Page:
You will love Through the Woods if:
- You’re in the mood for something scary and unexpected.
- You like your fairy tales dark and unsettling, in the Grimm tradition.
- You want illustrations to perfectly suit the tone and content of the story.
But if you want to sleep soundly tonight, beware. Through the Woods will lurk in the corner shadows and slink into your dreams.
My result: Highly Recommended
Through the Woods is a graphic novel collection of fairy tales which works on many levels, and will appeal to many readers.
As a scary story, it delivers. Each of the five stories taps into something instinctively frightening. Like the best scary tales, they’re about the things glimpsed at the edge of your vision, the noises at night that you can’t explain, and the secrets hidden behind the faces of those you think you know. There’s enough classic archetype to trigger universal fears, but the specifics of each story are new, so you won’t feel like you’re just reliving a scare you’ve already read. You’ll find something new to disturb you, as you reach to turn out the light and face the darkness.
From the fairy tale perspective, Through the Woods is a delight. It’s not just a retelling, with the same familiar tropes and characters. There will be no comforting sense of familiarity even as the tale is twisted and shaped into a new form. Instead, this collection will remind you why you fell in love with fairy tales in the first place. You will never again be a first time Grimms reader, but there are still new stories being told. Read this under the covers, or go for a walk afterwards, alone, at night. If you dare…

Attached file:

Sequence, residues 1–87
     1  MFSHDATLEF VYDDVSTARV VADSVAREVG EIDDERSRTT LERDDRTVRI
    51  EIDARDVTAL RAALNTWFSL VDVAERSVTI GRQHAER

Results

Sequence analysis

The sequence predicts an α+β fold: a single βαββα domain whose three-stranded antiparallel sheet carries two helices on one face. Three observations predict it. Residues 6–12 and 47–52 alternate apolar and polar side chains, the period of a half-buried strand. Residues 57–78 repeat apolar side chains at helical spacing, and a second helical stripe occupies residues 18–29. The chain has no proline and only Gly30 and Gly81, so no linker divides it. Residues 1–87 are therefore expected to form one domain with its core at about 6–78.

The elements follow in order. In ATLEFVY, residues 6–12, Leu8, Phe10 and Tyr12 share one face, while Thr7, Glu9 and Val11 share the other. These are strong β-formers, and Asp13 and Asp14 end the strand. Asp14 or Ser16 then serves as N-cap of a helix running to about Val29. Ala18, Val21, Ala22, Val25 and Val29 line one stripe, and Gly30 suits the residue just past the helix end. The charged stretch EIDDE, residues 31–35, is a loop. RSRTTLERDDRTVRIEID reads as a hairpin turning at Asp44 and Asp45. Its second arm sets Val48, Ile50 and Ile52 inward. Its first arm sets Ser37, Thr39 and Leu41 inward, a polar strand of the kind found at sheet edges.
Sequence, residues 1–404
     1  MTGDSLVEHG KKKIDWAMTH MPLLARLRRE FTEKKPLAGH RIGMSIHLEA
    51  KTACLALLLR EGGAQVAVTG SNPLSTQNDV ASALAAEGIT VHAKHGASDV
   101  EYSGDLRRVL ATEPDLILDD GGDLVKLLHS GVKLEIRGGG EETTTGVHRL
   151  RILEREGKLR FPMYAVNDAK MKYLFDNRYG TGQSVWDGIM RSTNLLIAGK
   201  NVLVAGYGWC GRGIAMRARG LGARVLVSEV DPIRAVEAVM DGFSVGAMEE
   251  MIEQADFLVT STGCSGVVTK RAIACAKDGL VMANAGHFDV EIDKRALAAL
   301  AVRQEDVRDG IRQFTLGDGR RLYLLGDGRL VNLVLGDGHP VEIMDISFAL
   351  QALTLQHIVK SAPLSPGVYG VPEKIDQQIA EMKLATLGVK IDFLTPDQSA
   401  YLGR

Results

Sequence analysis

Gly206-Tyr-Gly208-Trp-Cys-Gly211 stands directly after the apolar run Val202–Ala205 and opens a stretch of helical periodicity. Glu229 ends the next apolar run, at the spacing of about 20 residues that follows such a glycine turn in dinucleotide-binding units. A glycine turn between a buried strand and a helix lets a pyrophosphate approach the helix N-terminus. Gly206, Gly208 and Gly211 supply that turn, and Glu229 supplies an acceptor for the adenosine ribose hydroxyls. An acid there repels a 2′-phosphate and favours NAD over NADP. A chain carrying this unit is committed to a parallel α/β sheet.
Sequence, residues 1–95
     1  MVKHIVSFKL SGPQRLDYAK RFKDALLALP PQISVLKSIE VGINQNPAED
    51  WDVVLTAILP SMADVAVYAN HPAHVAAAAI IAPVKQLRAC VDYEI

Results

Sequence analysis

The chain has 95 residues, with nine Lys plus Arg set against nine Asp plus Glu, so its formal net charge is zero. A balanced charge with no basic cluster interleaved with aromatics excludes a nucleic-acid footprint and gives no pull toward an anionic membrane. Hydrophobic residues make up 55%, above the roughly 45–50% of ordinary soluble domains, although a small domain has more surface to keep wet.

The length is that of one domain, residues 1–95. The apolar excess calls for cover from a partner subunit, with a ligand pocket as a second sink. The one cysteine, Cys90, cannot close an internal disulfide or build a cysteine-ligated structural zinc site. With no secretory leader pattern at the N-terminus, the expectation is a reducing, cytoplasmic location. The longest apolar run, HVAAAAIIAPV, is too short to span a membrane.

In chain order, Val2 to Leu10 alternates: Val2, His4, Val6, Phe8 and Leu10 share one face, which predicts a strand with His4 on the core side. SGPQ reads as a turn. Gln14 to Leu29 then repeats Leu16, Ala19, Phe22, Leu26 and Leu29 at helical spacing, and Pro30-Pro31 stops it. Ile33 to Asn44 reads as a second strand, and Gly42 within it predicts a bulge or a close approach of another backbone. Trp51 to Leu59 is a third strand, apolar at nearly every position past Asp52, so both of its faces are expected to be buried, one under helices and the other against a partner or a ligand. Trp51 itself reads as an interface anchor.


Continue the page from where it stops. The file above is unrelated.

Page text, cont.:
And lastly, as a graphic novel: I loved the illustrations here, and the way the text wove itself onto the page. At first glance, the art seemed grim and creepy but a little juvenile. Then once I got into the story, I realized the art is perfectly suited to the story, and all my reservations vanished. For illustrated horror or just for a graphic novel where art and text are perfectly matched, I highly recommend Through the Woods.
Through the Woods would also be a great pick for junior high kids who like a scary story, with a minimum maturity level of around 7th or 8th grade. Please see my Goodreads review for further content details so you can decide appropriateness for yourself. Full review contains minor spoilers.
YALSA Top Ten Graphic Novels for Teens 2015
You might also enjoy:
- Cruel Beauty – a dark fantasy retelling of Beauty and the Beast, with deal-making demons and a sprinkle of Greek mythology.
- A Monster Calls – a sometimes scary fantasy for young adults which is so much more than it seems.
- 30 Days of Night – a horror graphic novel with vampires that are still scary and artwork that’s atmospheric and creepy.